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d. Scientific observations indicate that global climate has changed in the past, is changing now, and will change in the future. The magnitude and direction of this change is not the same at all locations on Earth.
This multi-part activity introduces users to normal seasonal sea surface temperature (SST) variation as well as extreme variation, as in the case of El NiÃo and La NiÃa events, in the equatorial Pacific Ocean. Via a THREDDS server, users learn how to download seasonal SST data for the years 1982 to 1998. Using a geographic information system (GIS), they visualize and analyze that data, looking for the tell-tale SST signature of El Nino and La Nina events that occurred during that time period.
This teaching activity addresses regional variability as predicted in climate change models for the next century. Using real climatological data from climate models, students will obtain annual predictions for minimum temperature, maximum temperature, precipitation, and solar radiation for Minnesota and California to explore this regional variability. Students import the data into a spreadsheet application and analyze it to interpret regional differences.
This activity uses geophysical and geochemical data to determine climate in Central America during the recent past and to explore the link between climate (wet periods and drought) and population growth/demise among the Maya. Students use ocean drilling data to interpret climate and to consider the influence of climate on the Mayan civilization.
This activity engages learners to make a model of sediment cores using different kinds of glass beads and sand. They learn how to examine the types, numbers, and conditions of diatom skeletons in the model sediment cores and tell something about the hypothetical paleoclimate that existed when they were deposited. The students get to be climate detectives.
In this activity, students make a model sea floor sediment core using two types of buttons to represent fossil diatoms. They then compare the numbers of diatom fossils in the sediment at different depths to determine whether the seas were free of ice while the diatoms were alive.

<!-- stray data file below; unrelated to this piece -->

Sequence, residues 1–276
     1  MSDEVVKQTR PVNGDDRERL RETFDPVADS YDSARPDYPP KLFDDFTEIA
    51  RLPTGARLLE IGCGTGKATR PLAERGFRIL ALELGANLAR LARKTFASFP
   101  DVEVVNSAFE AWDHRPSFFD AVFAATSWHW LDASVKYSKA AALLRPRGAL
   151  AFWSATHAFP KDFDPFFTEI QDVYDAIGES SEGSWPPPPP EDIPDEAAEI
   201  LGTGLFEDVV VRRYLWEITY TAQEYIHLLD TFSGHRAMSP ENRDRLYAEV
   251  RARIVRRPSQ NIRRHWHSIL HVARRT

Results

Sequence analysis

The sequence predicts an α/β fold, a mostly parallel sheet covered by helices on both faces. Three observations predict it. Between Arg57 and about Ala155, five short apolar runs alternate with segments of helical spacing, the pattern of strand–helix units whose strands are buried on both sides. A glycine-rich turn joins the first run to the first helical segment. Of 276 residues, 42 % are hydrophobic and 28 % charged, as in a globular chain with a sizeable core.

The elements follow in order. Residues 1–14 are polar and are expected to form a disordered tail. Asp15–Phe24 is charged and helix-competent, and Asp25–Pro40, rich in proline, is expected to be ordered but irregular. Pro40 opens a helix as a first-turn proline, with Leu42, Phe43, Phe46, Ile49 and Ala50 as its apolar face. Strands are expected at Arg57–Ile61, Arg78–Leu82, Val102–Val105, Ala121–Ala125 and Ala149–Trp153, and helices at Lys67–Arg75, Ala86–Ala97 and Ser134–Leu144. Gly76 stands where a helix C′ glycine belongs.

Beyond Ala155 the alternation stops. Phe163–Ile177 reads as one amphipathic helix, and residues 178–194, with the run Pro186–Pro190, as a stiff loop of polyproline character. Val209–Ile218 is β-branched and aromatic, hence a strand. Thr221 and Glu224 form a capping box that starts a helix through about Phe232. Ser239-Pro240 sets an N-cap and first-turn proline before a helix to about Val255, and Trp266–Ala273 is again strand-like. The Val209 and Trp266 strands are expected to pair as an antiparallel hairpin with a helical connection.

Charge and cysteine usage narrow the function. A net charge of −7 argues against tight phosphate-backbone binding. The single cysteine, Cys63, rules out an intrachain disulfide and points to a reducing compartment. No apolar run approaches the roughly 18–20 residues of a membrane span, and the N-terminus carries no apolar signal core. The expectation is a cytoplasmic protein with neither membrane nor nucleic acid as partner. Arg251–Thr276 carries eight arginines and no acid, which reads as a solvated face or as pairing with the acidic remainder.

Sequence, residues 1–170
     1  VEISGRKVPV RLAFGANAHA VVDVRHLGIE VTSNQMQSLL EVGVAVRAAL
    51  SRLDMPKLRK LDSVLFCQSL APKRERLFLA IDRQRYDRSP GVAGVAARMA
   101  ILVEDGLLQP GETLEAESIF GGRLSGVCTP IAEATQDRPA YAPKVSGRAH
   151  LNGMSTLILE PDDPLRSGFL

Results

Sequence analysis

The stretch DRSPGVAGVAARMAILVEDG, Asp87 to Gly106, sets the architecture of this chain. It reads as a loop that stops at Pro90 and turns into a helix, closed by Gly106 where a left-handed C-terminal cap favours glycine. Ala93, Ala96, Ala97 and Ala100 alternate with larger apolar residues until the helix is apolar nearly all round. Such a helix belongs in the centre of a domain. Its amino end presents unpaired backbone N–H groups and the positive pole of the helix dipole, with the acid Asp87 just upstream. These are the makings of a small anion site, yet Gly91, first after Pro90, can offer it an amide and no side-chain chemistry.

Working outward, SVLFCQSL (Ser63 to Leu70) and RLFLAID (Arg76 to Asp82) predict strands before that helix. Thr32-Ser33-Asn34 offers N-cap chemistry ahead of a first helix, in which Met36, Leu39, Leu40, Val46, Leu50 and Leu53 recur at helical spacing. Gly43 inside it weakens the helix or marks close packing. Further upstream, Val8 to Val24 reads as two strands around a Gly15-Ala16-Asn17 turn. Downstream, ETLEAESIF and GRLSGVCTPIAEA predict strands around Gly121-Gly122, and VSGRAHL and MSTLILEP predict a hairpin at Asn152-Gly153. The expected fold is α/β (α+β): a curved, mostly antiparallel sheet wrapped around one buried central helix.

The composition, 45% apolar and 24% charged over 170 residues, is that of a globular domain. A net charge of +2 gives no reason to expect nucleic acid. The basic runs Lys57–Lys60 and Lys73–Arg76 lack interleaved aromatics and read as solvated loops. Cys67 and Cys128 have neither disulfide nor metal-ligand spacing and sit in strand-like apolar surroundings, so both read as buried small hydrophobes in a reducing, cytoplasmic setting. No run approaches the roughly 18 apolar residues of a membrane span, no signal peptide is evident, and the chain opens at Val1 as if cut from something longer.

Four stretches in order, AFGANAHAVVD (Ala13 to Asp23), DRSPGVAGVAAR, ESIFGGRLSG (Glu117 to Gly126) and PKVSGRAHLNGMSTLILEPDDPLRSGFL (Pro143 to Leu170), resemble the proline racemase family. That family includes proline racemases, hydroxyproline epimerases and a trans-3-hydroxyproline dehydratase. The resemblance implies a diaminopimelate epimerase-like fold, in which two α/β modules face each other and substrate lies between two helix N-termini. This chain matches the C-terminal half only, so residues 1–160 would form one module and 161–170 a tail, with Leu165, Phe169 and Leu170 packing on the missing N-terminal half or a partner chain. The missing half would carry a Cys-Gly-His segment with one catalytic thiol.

In this activity, students chart temperature changes over time in Antarctica's paleoclimate history by reading rock cores. Students use their data to create an interactive display illustrating how Antarctica's climate timeline can be interpreted from ANDRILL rock cores.
This activity addresses naturally occurring climate change involving ENSO (El-NiÃo Southern Oscillation). In this activity, students play the role of a policy maker in Peru. First, they determine what sort of ENSO variation is occurring. Then, they must decide how to allocate Peru's resources to manage for possible weather-related problems.
In this activity, students use Google Earth and team up with fictional students in Chersky, Russia to investigate possible causes of thawing permafrost in Siberia and other Arctic regions. Students explore the nature of permafrost and what the effects of thawing permafrost mean both locally and globally. Next, students use a spreadsheet to explore soil temperature data from permafrost boreholes and surface air temperature datasets from in and around the Chersky region for a 50-year time span.
In this activity, students download historic temperature datasets and then graph and compare with different locations. As an extension, students can download and examine data sets for other sites to compare the variability of changes at different distinct locations, and it is at this stage where learning can be individualized and very meaningful.
In this activity for undergraduates, students explore the CLIMAP (Climate: Long-Range Investigation, Mapping and Prediction) model results for differences between the modern and the Last Glacial Maximum (LGM) and discover the how climate and vegetation may have changed in different regions of the Earth based on scientific data.